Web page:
In 1715, the Chevalier de St George was proclaimed at Aberdeen by the Earl Marischal, and soon after the Earl of Mar sent to demand a contribution of £2000 from the town, for the support of the Pretender's army, but of this only about 1/2 was paid. In December of the same year, the Pretender having landed at Peterhead, passed through Aberdeen on his way to Fetteresso, where he was met by several of the nobles attached to his cause. Although the magistrates at this time were on his side, the town's people generally seem to have been afraid to commit themselves, and he received no effectual aid from Aberdeen.

In 1745, Prince Charles having landed in the West Highlands, Sir John Cope marched with the Royal Army to Inverness to oppose him, but he having gone southward, Sir John returned and came to Aberdeen in September, from whence he took shipping; and in November Lord Lewis Gordon, the Prince's Lord Lieutenant for Aberdeen and Banff, came to Aberdeen, and took possession of the town. Soon after, the Laird of Macleod was sent by the Earl of Loudon with about 200 men to drive the rebels from the town, but he was defeated in a skirmish near Inverurie, and the town continued to be occupied by the rebels until February 1746, when it was evacuated on the approach of the Royal Army under the Duke of Cumberland. His Royal Highness reached Aberdeen on the 27th February, and remained in the town till the 8th April. [The Duke during his stay in Aberdeen resided in Provost Skene's house which was later used as the House of Refuge (Victoria Lodge).] A part of the Royal Army returned to Aberdeen after the battle of Culloden; and the citizens not being so alert in illuminating their houses as some of the officers thought they should have been, they ordered the soldiers to break the windows, which was accordingly done; but the magistrates resented this aggression, and imprisoned 1 or 2 of the officers. Ultimately the matter was accommodated by the officers paying about £60 for the damage done.

Engraving of Simon Fraser, Lord Lovat, by William Hogarth, 25 August 1746.

This engraving of Simon Fraser is taken from a live sketch drawing by the famous satirist William Hogarth. In the summer of 1746 Hogarth was allowed to visit Fraser, who was being held prisoner at the White Hart Inn at St Albans just outside London. Fraser was on the final leg of his long journey to the capital to await his trial for treason.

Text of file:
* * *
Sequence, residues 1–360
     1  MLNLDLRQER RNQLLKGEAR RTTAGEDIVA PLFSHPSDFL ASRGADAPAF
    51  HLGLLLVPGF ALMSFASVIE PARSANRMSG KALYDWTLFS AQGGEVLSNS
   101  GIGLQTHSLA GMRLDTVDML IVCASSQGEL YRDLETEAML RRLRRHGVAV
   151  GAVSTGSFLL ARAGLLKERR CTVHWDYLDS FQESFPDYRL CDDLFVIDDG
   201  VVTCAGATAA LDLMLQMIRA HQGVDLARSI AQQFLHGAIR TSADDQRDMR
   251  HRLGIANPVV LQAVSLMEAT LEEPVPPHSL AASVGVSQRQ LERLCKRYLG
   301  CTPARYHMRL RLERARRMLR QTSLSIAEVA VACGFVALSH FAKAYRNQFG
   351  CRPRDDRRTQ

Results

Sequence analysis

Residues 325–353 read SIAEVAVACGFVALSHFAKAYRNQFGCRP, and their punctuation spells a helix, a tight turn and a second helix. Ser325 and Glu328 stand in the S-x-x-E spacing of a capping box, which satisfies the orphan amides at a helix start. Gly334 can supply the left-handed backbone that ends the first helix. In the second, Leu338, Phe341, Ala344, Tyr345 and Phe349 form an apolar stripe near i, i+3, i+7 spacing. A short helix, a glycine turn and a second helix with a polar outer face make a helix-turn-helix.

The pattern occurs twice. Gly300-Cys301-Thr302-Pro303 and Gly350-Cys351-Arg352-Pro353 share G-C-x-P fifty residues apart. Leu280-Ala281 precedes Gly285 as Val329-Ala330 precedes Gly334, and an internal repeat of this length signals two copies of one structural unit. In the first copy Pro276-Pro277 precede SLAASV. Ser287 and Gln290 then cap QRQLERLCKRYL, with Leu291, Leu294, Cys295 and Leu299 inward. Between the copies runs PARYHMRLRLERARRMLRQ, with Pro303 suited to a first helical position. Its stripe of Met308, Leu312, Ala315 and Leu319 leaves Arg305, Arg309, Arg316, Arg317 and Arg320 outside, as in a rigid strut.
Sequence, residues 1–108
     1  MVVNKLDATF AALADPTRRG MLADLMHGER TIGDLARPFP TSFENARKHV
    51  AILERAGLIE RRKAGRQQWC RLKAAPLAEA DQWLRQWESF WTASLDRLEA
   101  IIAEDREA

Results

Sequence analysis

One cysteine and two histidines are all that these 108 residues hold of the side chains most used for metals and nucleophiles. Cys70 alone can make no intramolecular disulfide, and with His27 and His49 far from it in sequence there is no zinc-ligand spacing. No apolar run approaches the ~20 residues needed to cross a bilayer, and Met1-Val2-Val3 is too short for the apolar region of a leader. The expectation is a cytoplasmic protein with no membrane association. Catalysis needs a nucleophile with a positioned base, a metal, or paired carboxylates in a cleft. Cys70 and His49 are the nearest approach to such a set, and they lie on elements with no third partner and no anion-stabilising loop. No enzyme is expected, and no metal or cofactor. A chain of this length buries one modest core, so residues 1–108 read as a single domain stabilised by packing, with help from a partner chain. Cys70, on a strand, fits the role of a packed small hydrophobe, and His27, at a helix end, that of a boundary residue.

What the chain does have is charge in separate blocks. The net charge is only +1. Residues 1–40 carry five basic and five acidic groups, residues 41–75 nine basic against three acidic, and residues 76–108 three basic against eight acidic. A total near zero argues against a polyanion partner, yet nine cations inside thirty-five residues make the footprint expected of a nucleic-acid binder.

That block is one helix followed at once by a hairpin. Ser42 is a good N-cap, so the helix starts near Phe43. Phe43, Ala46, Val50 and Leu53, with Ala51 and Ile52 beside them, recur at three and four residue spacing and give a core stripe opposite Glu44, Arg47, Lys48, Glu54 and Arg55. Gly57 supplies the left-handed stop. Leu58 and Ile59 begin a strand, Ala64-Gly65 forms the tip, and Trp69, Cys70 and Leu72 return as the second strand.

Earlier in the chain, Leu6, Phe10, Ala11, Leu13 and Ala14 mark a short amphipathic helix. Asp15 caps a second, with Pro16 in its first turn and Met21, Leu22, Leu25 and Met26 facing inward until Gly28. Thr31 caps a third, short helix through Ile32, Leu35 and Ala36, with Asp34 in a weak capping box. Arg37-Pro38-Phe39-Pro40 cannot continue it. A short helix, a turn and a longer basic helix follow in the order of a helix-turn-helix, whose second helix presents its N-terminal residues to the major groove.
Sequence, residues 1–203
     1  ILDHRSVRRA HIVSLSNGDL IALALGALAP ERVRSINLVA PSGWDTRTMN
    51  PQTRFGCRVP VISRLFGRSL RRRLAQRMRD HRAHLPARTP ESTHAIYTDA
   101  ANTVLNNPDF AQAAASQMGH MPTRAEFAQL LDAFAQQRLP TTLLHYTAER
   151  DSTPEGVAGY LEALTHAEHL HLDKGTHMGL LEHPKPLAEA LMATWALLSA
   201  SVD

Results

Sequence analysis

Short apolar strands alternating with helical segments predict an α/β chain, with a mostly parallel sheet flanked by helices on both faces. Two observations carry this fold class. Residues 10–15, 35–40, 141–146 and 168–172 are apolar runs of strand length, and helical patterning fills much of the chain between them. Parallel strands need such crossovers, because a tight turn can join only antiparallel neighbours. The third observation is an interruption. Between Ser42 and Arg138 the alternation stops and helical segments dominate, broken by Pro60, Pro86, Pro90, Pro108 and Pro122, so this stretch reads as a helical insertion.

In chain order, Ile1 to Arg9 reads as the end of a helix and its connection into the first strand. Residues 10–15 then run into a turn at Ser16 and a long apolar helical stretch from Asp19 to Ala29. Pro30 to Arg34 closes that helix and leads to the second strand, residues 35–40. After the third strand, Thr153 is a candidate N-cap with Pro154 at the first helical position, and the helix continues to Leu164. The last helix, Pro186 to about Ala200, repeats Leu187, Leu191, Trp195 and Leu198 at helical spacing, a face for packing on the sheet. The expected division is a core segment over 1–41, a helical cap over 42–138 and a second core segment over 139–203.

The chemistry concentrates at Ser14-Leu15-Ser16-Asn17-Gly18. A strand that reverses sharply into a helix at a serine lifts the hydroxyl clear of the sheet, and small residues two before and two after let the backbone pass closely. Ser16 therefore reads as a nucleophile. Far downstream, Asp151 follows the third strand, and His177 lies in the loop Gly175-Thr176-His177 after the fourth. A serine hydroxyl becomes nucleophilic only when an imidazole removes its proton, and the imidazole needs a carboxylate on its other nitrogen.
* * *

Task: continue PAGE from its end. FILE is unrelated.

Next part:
King's College also provided a haven for Jacobitism, though some figures associated with the college were less than consistent in their political principles. Simon Fraser of Lovat, who graduated with a MA from King's in 1683, was universally perceived to be an untrustworthy rogue. An opportunistic supporter of the Hanoverians in 1715, he sided with the Jacobites in 1745-6. Executed for treason in 1747, aged 80, he was the last person to be publicly beheaded in Britain.

Robert Paterson, Principal of Marischal College, was another Jacobite who nurtured loyalty to the Stuarts through patronage of the local arts and an ambitious refurbishment of the college.  George Peacock at Marischal College sometime between 1706 and 1708. Peacock's Jacobite sympathies resulted in his dismissal during the purge of college professors that followed in the wake of the failed 1715 rising. One of William of Orange's most prominent advisers, Gilbert Burnet, Bishop of Salisbury, was a graduate of Marischal. In 1711 Burnet fostered the college's loyalty to the Protestant and British constitution by awarding a number of bursaries to ensure students received the correct training in political and religious principles.

Despite these attempts to generate loyalty to the Union, neither King's nor Marischal enjoyed a favourable reputation with the British authorities. Both were considered to be ideological and intellectual centres of Jacobitism; so much so that in the aftermath of the 1715 rising there were suggestions that the 2 institutions should be forcibly united.

Burnet graduated from Marischal College in 1657. A generous benefactor to its library, he also sought to enhance his alma mater's loyalty to the Union by cultivating learning and the arts. His portrait formed part of the rehabilitation of Marischal College after the 1715 rising. King's College alumnus James Fraser (MA 1664) achieved renown in London as a procurer of books for the libraries of the aristocracy and the Royal family. A political pragmatist, his service to the monarchy continued unbroken through the period of transition from the Stuarts to William & Mary, and then to Queen Anne. Fraser's acceptance of the 1707 Union and the Hanoverian regime was to bring an intellectual dividend to King's College, particularly in the wake of the 1715 rising. King's commemorated Fraser's donation of rare books and funding for buildings, including reconstruction of the library, by awarding him an honorary Doctorate and commissioning a portrait, which was painted in London.

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Last modified: 01/09/2013